Amaiya Zafar has been fighting for two years to box in a hijab. Saturday, she got into the ring for her first USA Boxing sanctioned bout at the Spring Fling United States Amateur Boxing event in Minneapolis.
Zafar, 16, of Oakdale, has been boxing for three years and says it's her passion. But until this weekend, she hadn't been able to convince USA boxing authorities to allow her to wear a hijab and coverings over her arms and legs.
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Zafar said she sees herself as a role model for girls and Muslims interested in boxing. "It's definitely not just about me anymore. I feel like it's a victory for the sport of boxing in general," she said.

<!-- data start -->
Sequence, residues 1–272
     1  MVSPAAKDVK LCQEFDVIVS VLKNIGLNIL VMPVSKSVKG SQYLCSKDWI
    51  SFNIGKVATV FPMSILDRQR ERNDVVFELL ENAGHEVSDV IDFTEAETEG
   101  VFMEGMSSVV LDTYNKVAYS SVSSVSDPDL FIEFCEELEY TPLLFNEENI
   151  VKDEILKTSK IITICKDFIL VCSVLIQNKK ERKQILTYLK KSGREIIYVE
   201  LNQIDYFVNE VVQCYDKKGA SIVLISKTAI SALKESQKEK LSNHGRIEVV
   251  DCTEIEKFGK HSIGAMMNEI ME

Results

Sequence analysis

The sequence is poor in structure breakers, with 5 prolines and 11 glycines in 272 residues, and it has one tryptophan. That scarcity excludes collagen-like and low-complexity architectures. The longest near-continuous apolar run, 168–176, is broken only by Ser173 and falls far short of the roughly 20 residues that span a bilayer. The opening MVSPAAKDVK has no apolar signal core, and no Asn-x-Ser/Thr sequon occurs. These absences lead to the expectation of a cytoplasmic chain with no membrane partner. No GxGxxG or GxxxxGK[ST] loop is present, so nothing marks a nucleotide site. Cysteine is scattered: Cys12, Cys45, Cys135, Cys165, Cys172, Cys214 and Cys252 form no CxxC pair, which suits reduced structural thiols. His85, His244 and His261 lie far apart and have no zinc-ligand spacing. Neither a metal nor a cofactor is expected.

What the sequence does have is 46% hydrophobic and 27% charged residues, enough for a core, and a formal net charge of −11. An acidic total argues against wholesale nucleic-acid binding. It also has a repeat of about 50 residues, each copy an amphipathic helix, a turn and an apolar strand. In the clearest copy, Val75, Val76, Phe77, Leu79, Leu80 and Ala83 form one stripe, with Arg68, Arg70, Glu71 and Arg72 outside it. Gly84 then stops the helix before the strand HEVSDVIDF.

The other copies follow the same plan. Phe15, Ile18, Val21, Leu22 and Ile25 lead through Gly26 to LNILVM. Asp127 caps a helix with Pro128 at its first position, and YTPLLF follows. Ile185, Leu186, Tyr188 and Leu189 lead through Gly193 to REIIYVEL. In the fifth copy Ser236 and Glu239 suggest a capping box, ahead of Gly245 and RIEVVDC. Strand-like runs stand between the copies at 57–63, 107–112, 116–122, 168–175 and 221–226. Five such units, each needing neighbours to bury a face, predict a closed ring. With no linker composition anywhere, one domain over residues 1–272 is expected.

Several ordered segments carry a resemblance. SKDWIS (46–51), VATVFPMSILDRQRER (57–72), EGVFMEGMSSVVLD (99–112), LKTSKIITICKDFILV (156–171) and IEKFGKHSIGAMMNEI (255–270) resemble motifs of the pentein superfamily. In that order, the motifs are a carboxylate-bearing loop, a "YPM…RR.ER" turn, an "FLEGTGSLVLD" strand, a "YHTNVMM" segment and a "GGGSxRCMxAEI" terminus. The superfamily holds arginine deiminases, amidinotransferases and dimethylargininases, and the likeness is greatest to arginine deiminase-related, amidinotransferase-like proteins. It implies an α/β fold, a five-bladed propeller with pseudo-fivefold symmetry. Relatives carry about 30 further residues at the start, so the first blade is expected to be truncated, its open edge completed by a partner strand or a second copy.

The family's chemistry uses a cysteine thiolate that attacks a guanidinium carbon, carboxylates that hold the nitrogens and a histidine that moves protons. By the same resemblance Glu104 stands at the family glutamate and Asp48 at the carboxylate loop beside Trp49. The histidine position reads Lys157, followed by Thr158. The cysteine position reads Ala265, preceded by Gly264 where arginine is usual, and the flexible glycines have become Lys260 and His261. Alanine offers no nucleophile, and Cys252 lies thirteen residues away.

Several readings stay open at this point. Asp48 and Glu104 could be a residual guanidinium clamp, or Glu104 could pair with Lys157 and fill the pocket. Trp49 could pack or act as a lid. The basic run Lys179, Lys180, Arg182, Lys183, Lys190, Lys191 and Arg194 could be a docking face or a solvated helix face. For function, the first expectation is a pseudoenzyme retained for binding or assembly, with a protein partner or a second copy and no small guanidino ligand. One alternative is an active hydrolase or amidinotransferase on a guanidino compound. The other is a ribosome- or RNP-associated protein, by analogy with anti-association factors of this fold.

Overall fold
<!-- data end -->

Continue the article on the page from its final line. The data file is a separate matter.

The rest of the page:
For now, the waiver only allows Zafar to fight in local bouts.
In a statement USA Boxing said it's in the process of amending its rules to accommodate the clothing and grooming mandates of boxers' religions.
Other governing bodies have recently modified their policies to account for the religious needs of athletes. The Council on American-Islamic Relations, which said in a statement that it welcomed USA Boxing's religious exemption, notes that soccer's FIFA and the International Weightlifting Federation have lifted their bans on religious headgear, including hijabs.